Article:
About 100 protest against stay-at-home order in Algonquin
Protesters calling for an end to the state's COVID-19 stay-at-home order, saying it's wrecked the economy and diminished civil liberties, lined a busy roadway Sunday in Algonquin.
The protesters, some wearing red "Make America Great Again" caps, started arriving about 9:30 a.m. By noon there were about 100 people along Randall Road near County Line Road.
Many held signs demanding the reopening off the Illinois economy, while others waved American flags as people in passing cars honked their horns.
The protest was organized by Brandon Harris of Joliet, the executive director of Freedom Movement USA, an organization opposing Illinois Gov. J.B. Pritzker's stay-at-home order.
"Yes, we need to take precautions and older and younger people need to be safe, but at some point, (with) our personal liberties and economy, (we) need to stand up for something and we're not going to take it anymore," Harris said.
Rob Benton of West Dundee, who works for a heating and air conditioning business, has been furloughed from his job due to the business downturn, even though he works in what's been deemed an essential industry.
"My wish is for a more measured approach that doesn't cost everybody everything," Benton said.
He said customers are reluctant to have people come into their homes. The work that is taking place is emergency service and maintenance.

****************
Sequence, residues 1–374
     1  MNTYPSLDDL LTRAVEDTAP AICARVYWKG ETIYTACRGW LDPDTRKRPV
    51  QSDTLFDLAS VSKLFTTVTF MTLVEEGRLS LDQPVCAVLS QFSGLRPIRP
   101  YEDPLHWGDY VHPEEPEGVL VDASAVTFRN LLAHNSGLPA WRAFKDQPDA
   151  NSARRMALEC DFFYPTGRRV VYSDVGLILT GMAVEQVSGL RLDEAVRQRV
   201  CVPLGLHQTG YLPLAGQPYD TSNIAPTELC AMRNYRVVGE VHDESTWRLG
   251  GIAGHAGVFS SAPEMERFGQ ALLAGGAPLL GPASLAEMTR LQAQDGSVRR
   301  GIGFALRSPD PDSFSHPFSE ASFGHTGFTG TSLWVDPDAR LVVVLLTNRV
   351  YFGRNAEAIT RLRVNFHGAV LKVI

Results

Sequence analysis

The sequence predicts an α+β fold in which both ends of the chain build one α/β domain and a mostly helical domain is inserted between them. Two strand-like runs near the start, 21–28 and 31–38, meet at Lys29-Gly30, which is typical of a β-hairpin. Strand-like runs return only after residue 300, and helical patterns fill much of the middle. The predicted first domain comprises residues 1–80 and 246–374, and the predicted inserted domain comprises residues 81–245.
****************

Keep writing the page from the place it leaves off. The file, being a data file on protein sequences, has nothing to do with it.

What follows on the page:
Benton said it does not bother him to be in proximity to the other people, citing examples of busy home improvement and grocery stores.
"I am not concerned, to tell you the truth," Benton said. "I'm not going to live my life in a bubble."
While some protesters wore masks and other face coverings, most did not.
A small group of counterprotesters gathered on the west side of Randall Road.
The group's co-organizer, Raquel Wynn of Algonquin, said she intentionally limited the group's size to four people for social-distancing reasons. She was there with her husband, while a pair of EMTs who work together for a private ambulance company stood a short distance away.
Wynn said both groups have a common goal to end the COVID-19 pandemic, and that the stay at-home order shouldn't last forever. She understands that people have lost their jobs and the economy has suffered, and thinks the two sides' goals are similar, although their timelines are different.
"At the end of the day, human life should matter above everything else," Wynn said.